On October 19, MFAN partner Oxfam and the International Budget Partnership (IBP) co-hosted an event on the release of the Open Budget Survey 2010, an independent measure of budget transparency and accountability around the world. IBP administered a survey to 94 countries that evaluates public access to national budget information. Public access, or availability, is defined in the study as “information as that which any and all members of the public might be able to obtain through a request to the public authority issuing the document.” Each country was assigned a score based on the average of the responses to the 92 questions relating to public availability of budget information. Three key findings of the Open Budget Survey:
1. Of the 94 countries assessed, 74 do not meet basic standards of transparency and accountability in their national budgets;
2. There has been a 20% improvement in the average performance of the 40 countries that have been measured over the three consecutive Open Budget Surveys in 2006, 2008, and 2010; and
3. Governments can improve transparency and accountability quickly by publishing online the budget information they produce and by inviting public participation in the budget process.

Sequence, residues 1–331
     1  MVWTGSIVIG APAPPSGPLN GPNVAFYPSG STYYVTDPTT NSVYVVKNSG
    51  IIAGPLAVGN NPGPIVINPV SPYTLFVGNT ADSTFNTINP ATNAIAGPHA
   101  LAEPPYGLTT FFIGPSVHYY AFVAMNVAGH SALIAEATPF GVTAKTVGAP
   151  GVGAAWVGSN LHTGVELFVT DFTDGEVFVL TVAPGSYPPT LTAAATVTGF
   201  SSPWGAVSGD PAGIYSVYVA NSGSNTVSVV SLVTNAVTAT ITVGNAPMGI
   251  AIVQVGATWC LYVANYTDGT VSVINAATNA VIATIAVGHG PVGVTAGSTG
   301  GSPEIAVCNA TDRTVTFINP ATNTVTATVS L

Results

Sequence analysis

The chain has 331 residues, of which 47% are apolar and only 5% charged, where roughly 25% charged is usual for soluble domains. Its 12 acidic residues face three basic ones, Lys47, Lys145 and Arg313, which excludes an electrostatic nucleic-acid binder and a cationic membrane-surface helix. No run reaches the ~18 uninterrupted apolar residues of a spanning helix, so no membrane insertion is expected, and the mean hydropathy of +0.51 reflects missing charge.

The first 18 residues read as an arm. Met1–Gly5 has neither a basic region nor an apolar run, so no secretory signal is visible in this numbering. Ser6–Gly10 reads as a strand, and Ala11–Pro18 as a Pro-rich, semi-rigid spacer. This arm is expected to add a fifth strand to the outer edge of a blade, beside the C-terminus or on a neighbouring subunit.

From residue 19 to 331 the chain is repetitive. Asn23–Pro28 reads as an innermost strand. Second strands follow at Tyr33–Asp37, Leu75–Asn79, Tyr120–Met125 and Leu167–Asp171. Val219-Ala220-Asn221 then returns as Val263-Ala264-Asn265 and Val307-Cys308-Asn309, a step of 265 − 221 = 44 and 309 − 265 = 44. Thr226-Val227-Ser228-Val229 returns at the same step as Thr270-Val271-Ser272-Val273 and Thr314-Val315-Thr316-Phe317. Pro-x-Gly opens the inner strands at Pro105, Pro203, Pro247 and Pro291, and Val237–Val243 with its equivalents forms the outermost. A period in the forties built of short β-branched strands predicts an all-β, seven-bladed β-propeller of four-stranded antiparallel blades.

Additionally, the survey found a strong correlation between a country’s lack of budget transparency and heavy reliance on oil and gas revenue, dependence on foreign aid, and authoritarian governments. Exceptions to this correlation, such as South Africa and India, illustrate that it is possible for any country to achieve transparency and accountability if its government makes it a priority.
Based on these key findings, IBP has developed a set of four recommendations, two short-term and two medium-term, to help improve transparency and public engagement in the budget process:
o Two Short-term Recommendations:
1. Governments should make public all the documents they produce on the national budget; and
o Two Medium-term Recommendations:
1. Establish global norms on budget transparency; and
2. All aid donors should demand budget transparency in countries to which they provide aid.
Gregory Adams, the Director of the Aid Effectiveness Team at Oxfam America, emphasized the importance of developing tools to hold governments accountable so that a “compact” between citizens and their governments can be established as a foundation for sustainable, country-owed development. Budget transparency can help reduce corruption and increase aid effectiveness. Read more about grass-roots efforts to further anti-corruption measures in Afghanistan here.